Independent Study Program: On the Rise
Ever had a special interest in biblical Greek or music theory? Perhaps you wish you knew more about the anatomy of a shark? Such topics may not be represented in the Packer curriculum, but they’ve all been studied by students in the independent study program. Despite a fluctuating number of applicants and a lack of publicity, the program continues to prosper.
Following a record number of 43 participants in the spring of 2016, last fall showed a prominent dip in participation, with a total of 18 students engaged in various studies. The decline may not indicate a lack of interest in the program among students, but rather the effect of the schedule change in conjunction with the program’s requirement for free time. Although the new schedule’s emphasis on free time benefits the program, it can also be detrimental to a study’s scheduled meeting time.
“This year because I have three independent studies I’ve scheduled them during community time, which can be tricky because events happen during community time that one doesn’t necessarily know about until about a week before” said Mr. Weisberg, English teacher and skilled mentor. “Two of the independent studies I do on creative writing have had a hard time meeting on a fairly regular basis.”
Although some studies run into problems, others don’t struggle with any time issues what so ever.
“I have a free period that I can use for my independent study, and my mentor happens to have the same free available,” said Drew, who has been studying music theory with Mr. Riggio for over a year. “Timing isn’t a problem for me, but I see how it could be difficult for some other people.”
With a total of 29 upper-school students engaged in the program this spring, it seems that despite and conflicts with the schedule, students are willing to commit themselves to their studies.. The organization of the program is also quite flexible. Each student is only required to meet with their mentors once a cycle, write one mid-semester reflection and create 2-3 project presentation at the end of the semester.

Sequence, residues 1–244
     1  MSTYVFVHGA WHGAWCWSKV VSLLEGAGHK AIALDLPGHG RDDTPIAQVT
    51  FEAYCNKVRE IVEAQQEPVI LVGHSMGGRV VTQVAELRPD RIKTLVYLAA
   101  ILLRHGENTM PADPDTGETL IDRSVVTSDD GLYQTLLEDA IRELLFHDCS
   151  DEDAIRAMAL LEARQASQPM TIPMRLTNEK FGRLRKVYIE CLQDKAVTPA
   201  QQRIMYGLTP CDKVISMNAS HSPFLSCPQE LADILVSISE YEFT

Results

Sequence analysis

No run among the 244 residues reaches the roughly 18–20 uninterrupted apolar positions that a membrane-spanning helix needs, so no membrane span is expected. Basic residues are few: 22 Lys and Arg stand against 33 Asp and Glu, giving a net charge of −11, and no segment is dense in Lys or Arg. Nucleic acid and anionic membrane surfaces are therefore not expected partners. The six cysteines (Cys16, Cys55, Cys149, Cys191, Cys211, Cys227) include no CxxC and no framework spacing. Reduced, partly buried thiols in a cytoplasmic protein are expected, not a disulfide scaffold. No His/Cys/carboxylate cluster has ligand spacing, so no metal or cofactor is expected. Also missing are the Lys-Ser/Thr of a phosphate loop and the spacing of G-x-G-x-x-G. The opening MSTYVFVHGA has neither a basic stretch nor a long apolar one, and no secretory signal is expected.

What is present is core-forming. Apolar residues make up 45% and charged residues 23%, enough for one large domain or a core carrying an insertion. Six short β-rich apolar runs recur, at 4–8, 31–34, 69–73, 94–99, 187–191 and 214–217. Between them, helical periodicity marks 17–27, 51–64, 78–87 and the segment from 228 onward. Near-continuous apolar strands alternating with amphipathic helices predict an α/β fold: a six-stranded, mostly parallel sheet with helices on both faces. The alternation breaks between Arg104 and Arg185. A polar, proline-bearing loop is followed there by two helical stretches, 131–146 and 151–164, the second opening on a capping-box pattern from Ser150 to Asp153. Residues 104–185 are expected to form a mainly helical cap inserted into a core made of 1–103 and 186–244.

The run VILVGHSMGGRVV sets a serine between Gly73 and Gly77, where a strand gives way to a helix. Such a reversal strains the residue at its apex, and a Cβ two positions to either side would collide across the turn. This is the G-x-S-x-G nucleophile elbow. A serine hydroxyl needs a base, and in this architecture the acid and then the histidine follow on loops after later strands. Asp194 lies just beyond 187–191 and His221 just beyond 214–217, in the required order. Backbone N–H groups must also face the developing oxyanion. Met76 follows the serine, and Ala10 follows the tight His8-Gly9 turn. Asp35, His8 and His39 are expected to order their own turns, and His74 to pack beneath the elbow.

“The success of it purely comes from students and faculty, because all we really do is set a deadline for the application at the beginning of the year,” said Ms. Bishop.
With such limited requirements, student’s studies rarely leave their once-a-week meetings or reach the Packer community.”Promotion of the program is purely word of mouth,” continued Ms. Bishop.
Mr. Weisberg argued that the air of confidentiality around each study is what makes the program so unique.
“Independent studies are not taken for academic credit,” he urged. “They’re purely independent.” Unlike a senior thesis, which require each student to presentation to the rest of the community, these studies are investigative, creative and educational projects for the sole purpose of fueling student’s pressing questions and queries, occasionally educating the mentors as well.